Creating an age inclusive workplace
Five generations now form the most generationally diverse workforce Australia has ever had.
The generations have much in common, and while there are tensions driven by age-related stereotyping, there is a shared desire that all age groups be treated fairly and supported.
Research tells us that workers of all ages value:
- meaningful work and contribution or purpose
- employment that makes full use of their skills and experience
- training and Career opportunities
- increased flexibility
- strong work relationships and social connections
- financial security
While employees of all ages value the same things, how they experience the workplace and the supports required may vary depending on age and life stage.
The APS faces the challenge of adapting workplaces and work practices to meet the needs and interests of this diverse cohort. The APS needs to promote the benefits of age diversity in the APS; challenge and remove aged-related barriers; create age inclusive policies and work environments; and increase our talent pool.
The Australian Government also expects the APS to take the lead in realising the potential of older Australians through work, do more to retain and recruit older Australians and help offset overall declining workforce participation rates. The APS employment policies, practices and organisational culture need to support older Australians who want to join the public service and ensure we harness the skills and experience of older Australians who want to stay in the workforce.
|The Australian Bureau of Statistics defines
mature age workers as those aged 45 years or over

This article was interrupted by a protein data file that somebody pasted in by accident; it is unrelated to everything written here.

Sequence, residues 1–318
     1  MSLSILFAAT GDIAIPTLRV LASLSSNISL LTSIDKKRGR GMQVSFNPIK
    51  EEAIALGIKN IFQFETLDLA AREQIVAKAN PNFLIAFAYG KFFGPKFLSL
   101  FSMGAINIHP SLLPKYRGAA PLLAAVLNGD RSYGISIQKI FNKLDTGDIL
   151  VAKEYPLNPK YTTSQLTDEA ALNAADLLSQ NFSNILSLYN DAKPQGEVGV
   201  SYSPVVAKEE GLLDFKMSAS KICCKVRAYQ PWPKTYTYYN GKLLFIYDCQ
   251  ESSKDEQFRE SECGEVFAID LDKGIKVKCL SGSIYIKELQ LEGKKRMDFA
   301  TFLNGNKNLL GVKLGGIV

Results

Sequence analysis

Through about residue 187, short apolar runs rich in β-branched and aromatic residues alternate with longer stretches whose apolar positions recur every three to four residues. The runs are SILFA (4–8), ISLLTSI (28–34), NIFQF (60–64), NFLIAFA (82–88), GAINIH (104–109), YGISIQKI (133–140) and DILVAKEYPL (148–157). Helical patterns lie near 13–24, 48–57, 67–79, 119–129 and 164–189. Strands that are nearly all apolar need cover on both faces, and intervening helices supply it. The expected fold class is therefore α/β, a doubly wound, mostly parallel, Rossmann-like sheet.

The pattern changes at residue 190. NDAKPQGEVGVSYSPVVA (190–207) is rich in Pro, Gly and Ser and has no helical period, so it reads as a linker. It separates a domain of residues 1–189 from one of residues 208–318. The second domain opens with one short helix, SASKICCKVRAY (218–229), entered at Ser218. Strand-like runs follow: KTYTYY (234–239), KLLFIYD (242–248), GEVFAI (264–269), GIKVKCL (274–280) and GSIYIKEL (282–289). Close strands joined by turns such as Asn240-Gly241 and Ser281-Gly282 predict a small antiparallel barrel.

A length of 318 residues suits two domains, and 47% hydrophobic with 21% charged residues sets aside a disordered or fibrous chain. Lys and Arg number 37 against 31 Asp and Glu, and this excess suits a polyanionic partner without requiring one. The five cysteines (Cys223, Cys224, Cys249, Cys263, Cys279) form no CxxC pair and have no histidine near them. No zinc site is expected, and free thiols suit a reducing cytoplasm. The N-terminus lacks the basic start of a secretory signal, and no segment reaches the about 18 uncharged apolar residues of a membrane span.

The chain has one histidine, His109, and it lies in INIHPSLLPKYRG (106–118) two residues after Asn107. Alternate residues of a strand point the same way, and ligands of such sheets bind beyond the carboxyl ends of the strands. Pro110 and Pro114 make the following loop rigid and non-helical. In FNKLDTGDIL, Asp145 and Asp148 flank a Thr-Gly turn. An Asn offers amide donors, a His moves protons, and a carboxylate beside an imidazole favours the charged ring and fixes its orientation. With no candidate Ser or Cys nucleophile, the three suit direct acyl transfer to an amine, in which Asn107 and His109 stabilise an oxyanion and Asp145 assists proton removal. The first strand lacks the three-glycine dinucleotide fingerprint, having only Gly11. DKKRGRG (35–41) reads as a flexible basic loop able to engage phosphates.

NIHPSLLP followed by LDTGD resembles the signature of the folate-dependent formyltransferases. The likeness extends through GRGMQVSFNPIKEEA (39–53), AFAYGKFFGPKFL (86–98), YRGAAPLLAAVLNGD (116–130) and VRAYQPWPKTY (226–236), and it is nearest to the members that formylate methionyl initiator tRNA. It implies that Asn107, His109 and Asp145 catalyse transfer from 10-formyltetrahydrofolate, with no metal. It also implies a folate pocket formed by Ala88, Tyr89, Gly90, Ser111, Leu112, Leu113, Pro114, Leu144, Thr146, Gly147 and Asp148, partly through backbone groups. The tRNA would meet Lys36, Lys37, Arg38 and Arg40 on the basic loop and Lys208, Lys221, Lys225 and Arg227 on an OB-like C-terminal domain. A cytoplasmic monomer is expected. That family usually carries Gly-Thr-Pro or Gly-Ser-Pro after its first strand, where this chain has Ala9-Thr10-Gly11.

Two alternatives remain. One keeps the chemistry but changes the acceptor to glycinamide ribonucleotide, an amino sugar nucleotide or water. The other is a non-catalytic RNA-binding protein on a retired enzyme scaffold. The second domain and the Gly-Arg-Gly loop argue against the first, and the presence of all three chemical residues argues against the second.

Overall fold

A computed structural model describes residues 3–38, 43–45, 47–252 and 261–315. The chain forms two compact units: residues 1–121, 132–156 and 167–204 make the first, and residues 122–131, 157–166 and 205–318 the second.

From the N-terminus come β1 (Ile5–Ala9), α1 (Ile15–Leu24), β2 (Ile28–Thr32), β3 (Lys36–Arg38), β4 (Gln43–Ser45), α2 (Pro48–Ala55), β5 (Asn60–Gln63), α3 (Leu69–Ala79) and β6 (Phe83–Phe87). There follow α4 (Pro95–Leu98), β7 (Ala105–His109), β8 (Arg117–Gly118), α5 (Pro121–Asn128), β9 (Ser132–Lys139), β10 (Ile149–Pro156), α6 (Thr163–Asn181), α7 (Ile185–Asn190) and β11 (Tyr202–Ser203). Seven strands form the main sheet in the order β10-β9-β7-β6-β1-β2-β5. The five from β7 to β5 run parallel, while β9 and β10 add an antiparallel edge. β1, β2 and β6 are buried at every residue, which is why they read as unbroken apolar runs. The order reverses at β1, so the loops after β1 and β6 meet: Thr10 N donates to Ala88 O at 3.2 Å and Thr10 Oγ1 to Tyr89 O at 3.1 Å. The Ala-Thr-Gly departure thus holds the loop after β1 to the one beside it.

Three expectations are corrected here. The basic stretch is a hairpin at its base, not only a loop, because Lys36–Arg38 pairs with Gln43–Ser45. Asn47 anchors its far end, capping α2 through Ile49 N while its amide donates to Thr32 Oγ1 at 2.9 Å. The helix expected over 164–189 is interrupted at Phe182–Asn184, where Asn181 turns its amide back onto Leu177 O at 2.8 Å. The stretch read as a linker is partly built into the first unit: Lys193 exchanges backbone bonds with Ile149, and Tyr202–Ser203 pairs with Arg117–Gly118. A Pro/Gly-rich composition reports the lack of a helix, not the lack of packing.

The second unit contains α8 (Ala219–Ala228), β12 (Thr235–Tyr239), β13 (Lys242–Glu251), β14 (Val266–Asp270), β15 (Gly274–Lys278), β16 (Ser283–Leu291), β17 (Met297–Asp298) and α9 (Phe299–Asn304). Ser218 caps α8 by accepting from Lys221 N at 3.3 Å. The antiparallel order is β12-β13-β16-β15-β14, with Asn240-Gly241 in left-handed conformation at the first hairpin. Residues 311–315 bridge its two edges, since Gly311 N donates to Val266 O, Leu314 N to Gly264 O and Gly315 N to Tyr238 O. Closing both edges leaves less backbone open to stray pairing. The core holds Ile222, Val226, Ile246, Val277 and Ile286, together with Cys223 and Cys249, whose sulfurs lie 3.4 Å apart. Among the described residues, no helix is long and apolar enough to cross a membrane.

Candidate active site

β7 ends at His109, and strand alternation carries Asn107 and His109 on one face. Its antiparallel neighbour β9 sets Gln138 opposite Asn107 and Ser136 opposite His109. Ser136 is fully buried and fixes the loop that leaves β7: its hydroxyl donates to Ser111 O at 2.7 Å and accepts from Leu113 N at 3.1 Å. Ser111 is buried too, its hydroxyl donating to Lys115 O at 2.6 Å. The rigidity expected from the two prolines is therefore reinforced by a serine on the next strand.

By focusing on the mature age workers we can capitalise on the strengths and challenge specific biases, myths and misconceptions relating to this age group.
Opportunities for agencies
- understand the commonalities that all employees value, such as flexible working arrangements and leverage existing initiatives
- be alert to the impact of changes in technology, different ways of working and emerging capability gaps to the mature age workforce
- utilise the talent available. Allow capability growth on the job and identify transferable skills
- collect and analyse age disaggregated data across levels, occupations, location, and other identities such as gender, Aboriginal and Torres Strait Islander heritage to identify challenges and solutions
- avoid assumptions and generalisations about mature age workers, such as career aspirations, desire for learning or willingness to take up development opportunities.
- improve workplace culture to be more inclusive and supportive of all individual circumstances
- address negative stereotypes, attitudes, behaviours and age bias.
There are a number of useful references and resources to help guide agencies to understand the benefits of a mature age workforce.
- discover the services and supports available on the Mature Age Hub on dese.gov.au.
- Australian Human Rights Commission offers research and reports including information on age discrimination, Older Workers Resource Hub and 2021 ‘What’s age got to do with it?’ Report.
the Collaborative Partnership on Mature Age Employment (supported by Department of Education, Skills and Employment) helps to promote the benefits of employing older workers. The Partnership helps employers by:
- raising awareness of age discrimination among employers
- promoting the benefits of employing older workers
- helping employers manage an age-diverse workforce
- developing projects and tools to support older workers re-entry the workforce
Mature Age guidance for agencies
The Commission has been developing a guide that complements agency workforce planning by recognising that “one size does not fit all” and that agencies should take actions that suit their workforce profile, risks, issues and the outcomes sought.
 2021 Australian Human Rights Commission report ‘What’s age got to do with it?’
 2019 Delivering for Australians report